Titles are important to me, as a reader and a writer. An intriguing title makes me look at a book even if I know nothing else about it.
Readers aren’t likely to come across my books while browsing in Barnes & Noble or Borders – most small press mysteries aren’t stocked by the big chains – but they might see them in independent stores and libraries. I want my titles to trigger the “Hmm. What’s this about?” reaction.
I came up with titles I love for my first three books: The Heat of the Moon (metaphor), Disturbing the Dead (literal; skeletal remains are uncovered in the first chapter), and Broken Places (metaphor again). I’m not so crazy about the title of the book I have to turn in by the end of the year for publication next September 1. Unless I come up with something I love very soon, the book will be called Under the Dog Star.
I don’t actually hate it, and it fits the story. Veterinarian Rachel Goddard is trying to save a pack of feral dogs who were abandoned in the countryside by their owners, while Captain Tom Bridger, a sheriff’s deputy, is trying to break up a dog-fighting operation. When a prominent citizen with a wildly dysfunctional family is killed by a dog... Let’s just say that things get complicated, as they should in any mystery. Lily Barker, a local woman who claims to have “the sight” (Tom scoffs at such notions, but Rachel isn't so quick to judge), warns that evil took root in the county “under the dog star” and now flourishes in hidden places.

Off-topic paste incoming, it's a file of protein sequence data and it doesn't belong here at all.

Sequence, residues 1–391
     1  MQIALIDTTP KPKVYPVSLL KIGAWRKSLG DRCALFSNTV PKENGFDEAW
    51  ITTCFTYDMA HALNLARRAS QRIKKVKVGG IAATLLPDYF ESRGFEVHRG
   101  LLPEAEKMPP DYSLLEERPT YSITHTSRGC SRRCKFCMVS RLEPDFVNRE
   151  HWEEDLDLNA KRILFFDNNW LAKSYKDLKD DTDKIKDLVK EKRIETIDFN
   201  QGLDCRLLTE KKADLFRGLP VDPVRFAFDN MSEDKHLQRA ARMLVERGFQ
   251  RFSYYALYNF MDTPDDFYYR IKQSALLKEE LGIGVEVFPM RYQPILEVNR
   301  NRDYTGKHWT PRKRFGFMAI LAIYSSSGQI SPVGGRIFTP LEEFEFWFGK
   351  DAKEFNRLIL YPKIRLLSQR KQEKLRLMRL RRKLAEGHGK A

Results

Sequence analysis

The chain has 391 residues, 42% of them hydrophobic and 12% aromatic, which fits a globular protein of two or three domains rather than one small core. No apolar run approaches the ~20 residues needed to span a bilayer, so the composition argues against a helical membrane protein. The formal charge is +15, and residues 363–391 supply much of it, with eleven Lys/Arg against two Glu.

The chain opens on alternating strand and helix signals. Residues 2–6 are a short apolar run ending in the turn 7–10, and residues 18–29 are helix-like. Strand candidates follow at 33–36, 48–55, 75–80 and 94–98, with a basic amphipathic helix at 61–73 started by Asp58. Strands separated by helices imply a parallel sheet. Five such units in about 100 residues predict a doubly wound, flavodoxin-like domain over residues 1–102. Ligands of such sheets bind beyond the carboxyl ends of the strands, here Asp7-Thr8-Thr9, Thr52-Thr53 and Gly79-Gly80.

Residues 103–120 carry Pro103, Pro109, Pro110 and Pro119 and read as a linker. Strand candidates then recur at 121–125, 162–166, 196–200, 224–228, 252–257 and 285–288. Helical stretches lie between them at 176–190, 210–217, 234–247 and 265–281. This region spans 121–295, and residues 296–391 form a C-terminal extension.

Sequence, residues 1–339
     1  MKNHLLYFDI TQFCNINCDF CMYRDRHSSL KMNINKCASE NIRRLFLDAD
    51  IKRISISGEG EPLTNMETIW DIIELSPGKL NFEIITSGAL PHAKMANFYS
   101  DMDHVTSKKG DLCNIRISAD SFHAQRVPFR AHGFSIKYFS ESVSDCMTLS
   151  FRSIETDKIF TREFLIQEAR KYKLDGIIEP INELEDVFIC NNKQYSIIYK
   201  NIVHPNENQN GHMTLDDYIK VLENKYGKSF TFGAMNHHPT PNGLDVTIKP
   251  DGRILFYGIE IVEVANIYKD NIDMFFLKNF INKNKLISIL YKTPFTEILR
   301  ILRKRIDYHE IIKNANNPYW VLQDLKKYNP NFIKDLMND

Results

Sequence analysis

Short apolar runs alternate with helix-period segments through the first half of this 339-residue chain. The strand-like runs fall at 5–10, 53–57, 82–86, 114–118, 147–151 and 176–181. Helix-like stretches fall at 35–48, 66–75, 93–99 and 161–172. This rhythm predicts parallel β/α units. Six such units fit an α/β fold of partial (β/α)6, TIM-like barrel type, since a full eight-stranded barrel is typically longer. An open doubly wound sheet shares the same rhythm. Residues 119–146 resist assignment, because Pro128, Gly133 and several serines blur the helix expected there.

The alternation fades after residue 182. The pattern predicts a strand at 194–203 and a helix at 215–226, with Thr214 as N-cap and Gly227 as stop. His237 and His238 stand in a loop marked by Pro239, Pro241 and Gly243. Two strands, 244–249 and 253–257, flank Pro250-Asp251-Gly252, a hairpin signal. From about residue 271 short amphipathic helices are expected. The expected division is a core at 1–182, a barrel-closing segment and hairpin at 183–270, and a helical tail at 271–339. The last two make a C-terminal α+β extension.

I’ve never liked titles that begin with prepositions: In the..., Below a..., Under the... But here I am, putting one on my new book. Unless I experience a stroke of genius in the next four weeks.
This is the first of my titles that I haven’t truly loved. What do you think? Am I worrying for no reason?
Here are the opening paragraphs, to give you a taste of the story and tone.
In the silver moonlight, the dogs appeared as a dark mass moving down the hill and across the pasture. They headed straight toward three dozen sheep huddled on a carpet of autumn leaves under an oak tree.
Tom Bridger aimed his shotgun at the sky and fired.
The blast stopped the dogs for a second. The startled sheep jerked apart, turned and ran.
A single dog broke from the pack and streaked after the sheep. The rest of the dogs followed, yelping and baying.
Tom fired into the air again, and again. The dogs didn’t stop until his fourth shot. They milled about in the pasture as if trying to make up their minds whether to stay or go.
Another shotgun blast decided the issue for them. They wheeled around and took off in the direction they’d come from.
Lying in the dark, with Tom’s space in the bed growing cold beside her, Rachel tensed at the sound of gunshots in the distance. She clutched the blanket, bunching it in both fists. She knew Tom wouldn’t shoot to kill, but she also knew he was losing patience after going out night after night to protect his sheep from the feral dog pack. (c) 2010 Sandra Parshall
(Murder coming right up!)